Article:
Separate legislation, sponsored by Rubio and Senate Intelligence and Armed Services committee member Gillibrand, cuts off funding for illicit UFO programs. Language accompanying the legislation outlines, in remarkable detail, the various elements that such a program would entail, including UFO retrieval procedures, scientific analysis, reverse-engineering and security and counterintelligence efforts. President Biden signed Gillibrand and Rubio's legislation into law in December.

In January, Sean Kirkpatrick, the former director of the Pentagon's UFO analysis office, embarked on an unusual media tour to pour cold water on the swirling allegations of secret, unreported UFO programs. But Kirkpatrick's public commentary appears to have had little effect on Capitol Hill. In March, Rounds indicated twice that the extraordinary Schumer-led legislation alleging the existence of unreported UFO programs would be reintroduced this year.

Asked on May 2 whether a 63-page Pentagon report categorically denying the existence of illicit UFO efforts is "case closed," Gillibrand stated, "Oh, it's definitely not case closed."

Gillibrand noted that two knowledgeable individuals with whom she has met "refused to meet with" Kirkpatrick or his office. These whistleblowers' hesitations may be well founded. In recent months, the Pentagon's UFO office has lost much of its credibility following a series of flawed and deeply misleading reports.

Crucially, another set of newly released documents indicates that high-level current and former officials with apparent knowledge of illicit UFO programs refused to meet with Kirkpatrick.

In a June 2023 interview with NewsNation, Rubio made a series of startling UFO-related comments. According to Rubio, "smart, educated people with high clearances and very important positions in our government" have informed Congress of the existence of secret UFO programs.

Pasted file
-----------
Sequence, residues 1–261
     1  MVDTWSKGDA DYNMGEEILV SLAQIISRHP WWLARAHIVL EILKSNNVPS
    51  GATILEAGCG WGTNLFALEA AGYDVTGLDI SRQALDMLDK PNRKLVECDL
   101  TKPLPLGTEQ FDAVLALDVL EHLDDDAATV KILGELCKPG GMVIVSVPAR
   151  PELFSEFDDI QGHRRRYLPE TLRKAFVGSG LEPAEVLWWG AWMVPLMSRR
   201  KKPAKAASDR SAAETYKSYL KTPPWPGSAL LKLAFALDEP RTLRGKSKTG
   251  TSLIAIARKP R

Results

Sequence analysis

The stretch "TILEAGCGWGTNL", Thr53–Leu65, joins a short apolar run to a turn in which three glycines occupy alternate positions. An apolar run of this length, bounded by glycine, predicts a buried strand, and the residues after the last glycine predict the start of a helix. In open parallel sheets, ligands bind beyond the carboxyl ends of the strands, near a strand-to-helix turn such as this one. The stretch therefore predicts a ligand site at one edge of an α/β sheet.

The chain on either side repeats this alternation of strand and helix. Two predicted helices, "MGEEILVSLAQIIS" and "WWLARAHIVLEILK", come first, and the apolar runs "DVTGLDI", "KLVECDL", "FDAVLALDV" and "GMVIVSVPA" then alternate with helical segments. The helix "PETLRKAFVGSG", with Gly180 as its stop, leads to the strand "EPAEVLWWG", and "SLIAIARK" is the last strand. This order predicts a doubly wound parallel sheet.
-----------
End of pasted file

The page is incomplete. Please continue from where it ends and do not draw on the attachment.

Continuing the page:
As the documents reveal, Kirkpatrick was taken by surprise by Rubio's comments. A Senate Intelligence Committee staffer subsequently informed Kirkpatrick that the senior officials described by Rubio were among those who refused to speak to his office.

As Christopher Mellon, the Department of Defense's former top civilian intelligence official, notes, many UFO whistleblowers do not trust the Pentagon process, preferring to speak to Congress and the intelligence community's internal watchdog instead.

This puts the Pentagon in a particularly awkward position. If the director of the UFO office was aware that high-level officials alleging the existence of unreported UFO programs refused to speak with him, how can he and his office credibly issue sweeping denials that such programs exist?

Moreover, in response to the "government's blanket denials regarding the possession of off-world technology," Mellon recently posted a 2020 exchange describing how a "senior government official" uncovered the "management structure and security control systems" of a UFO retrieval program. The official also claimed to have identified the "gatekeeper" controlling access to the Air Force's secret UFO efforts.

In another fascinating twist, Kirkpatrick told Mellon that the Department of Justice is in possession of Grusch's whistleblower complaint alleging the existence of illegal UFO programs "since it's part of a criminal investigation."

Agency watchdogs like the one that received Grusch's complaint typically involve the Justice Department when allegations of criminal activity are substantiated. Does this imply that UFO-related criminal charges could at some point be on offer?
Marik von Rennenkampff served as an analyst with the U.S. Department of State's Bureau of International Security and Nonproliferation, as well as an Obama administration appointee at the U.S. Department of Defense.